In Australia, power stations that use coal or natural gas to generate electricity are responsible for around 52 per cent of the country’s carbon emissions. In contrast, only 25 per cent of the United States’ carbon emissions come from generating electricity. This is because Australia is heavily reliant on coal – the most polluting of all fossil fuels – to generate electricity. On the other hand, the US receives around 40 per cent of its electricity from clean energy sources, such as wind, solar and nuclear power. US President Joe Biden wants the country to generate 100 per cent carbon-free electricity by 2035.
Electrify our transport
Transportation is another major contributor to carbon dioxide in the atmosphere. In Australia, it contributes around 15 per cent of all carbon dioxide emissions. In comparison, the US has a higher share of carbon emissions from transport at nearly 30 per cent.
The world uses nearly 100 million barrels of oil every day, mostly for transport. Switching to cleaner sources of fuel – whether that is renewable electricity or green hydrogen – would also reduce emissions. Electric vehicles are becoming increasingly popular across Europe and are predicted to soon overtake petrol-driven vehicles. In Australia, the switch to electric cars is slower, but many expect it to pick up steam soon. In fact, carmakers around the world have pledged to phase out petrol and diesel-fueled cars and replace their lines with EVs.
Change what we eat
Around the world, the production of beef alone creates as many carbon emissions as the entire construction sector. Beef production contributes to six per cent of all global carbon emissions. Not only do cows produce large amounts of methane, but feeding them also requires an immense amount of land and fertiliser. In Australia, for example, agriculture and land use are responsible for 15 per cent of the country’s carbon emissions. Changing our methods of food production so that they are more sustainable, in addition to using less fertiliser and protecting trees, would also help.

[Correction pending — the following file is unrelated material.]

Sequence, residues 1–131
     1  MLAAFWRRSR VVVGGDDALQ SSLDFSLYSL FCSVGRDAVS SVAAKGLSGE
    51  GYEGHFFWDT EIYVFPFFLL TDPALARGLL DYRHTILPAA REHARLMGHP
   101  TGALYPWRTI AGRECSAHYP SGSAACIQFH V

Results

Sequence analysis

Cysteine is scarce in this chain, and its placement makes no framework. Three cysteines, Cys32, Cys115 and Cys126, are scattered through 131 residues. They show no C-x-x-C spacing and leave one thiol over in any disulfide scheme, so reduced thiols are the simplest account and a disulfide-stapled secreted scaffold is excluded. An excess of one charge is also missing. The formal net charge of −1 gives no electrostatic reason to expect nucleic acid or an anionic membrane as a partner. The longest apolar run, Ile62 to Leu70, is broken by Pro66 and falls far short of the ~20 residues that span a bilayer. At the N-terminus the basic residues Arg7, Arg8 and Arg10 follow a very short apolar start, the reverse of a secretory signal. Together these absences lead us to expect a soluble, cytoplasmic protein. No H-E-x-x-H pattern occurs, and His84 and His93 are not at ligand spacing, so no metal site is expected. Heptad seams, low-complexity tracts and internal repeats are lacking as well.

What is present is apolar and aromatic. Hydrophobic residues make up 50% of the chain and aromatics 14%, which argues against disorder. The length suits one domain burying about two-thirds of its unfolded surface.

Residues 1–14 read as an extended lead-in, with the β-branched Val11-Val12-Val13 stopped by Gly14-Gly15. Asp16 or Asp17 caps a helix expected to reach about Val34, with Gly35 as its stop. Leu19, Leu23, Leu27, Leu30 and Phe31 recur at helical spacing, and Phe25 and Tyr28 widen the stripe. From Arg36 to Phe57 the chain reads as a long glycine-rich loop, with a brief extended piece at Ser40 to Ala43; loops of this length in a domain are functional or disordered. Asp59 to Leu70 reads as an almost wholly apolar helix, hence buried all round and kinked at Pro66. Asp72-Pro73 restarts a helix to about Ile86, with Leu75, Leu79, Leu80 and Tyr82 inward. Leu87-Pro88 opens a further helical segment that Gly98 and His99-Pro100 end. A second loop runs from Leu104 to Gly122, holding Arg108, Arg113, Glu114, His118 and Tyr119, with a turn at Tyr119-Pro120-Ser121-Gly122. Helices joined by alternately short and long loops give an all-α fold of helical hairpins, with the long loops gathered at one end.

Activities like deforestation have removed trees that would naturally recycle carbon dioxide into oxygen. This further exacerbates the issue of global warming.
The United States, unlike most countries, has managed to actually increase forest cover since the 1990s. In 2019, it offset around 12 per cent of its total emissions. That said, US companies are frequently criticised for contributing to deforestation around the world.
What causes global warming in nature that is beyond human control?
The IPCC says that human activity is primarily responsible for climate change. But, other factors affect our climate too. However, these unfold over tens of thousands of years rather than decades. Gravitational forces, including a slight change in the Earth’s orbit, axial tilt and torque also greatly impact the climate.
Scientists have found that gravitational shifts can influence climate patterns and variations in seasons. These happen due to changes in the Earth’s path around the sun. Over 1,000 years, the Earth shifts from a roughly circular journey to a more elliptical swing around the sun. This is exacerbated when the Earth’s axial tilt becomes more sharply inclined than usual. Scientists say that this plays out over millions of years and can lead to both warming and cooling of the planet. It also leads to rising and falling levels of carbon dioxide. However, scientists still do not fully understand all aspects of this phenomenon.
It is worth reiterating the broader point made by Valérie Masson-Delmotte in the IPCC’s most recent report. “It has been clear for decades that the Earth’s climate is changing, and the role of human influence on the climate system is undisputed”. For the sake of our future, we should heed that warning.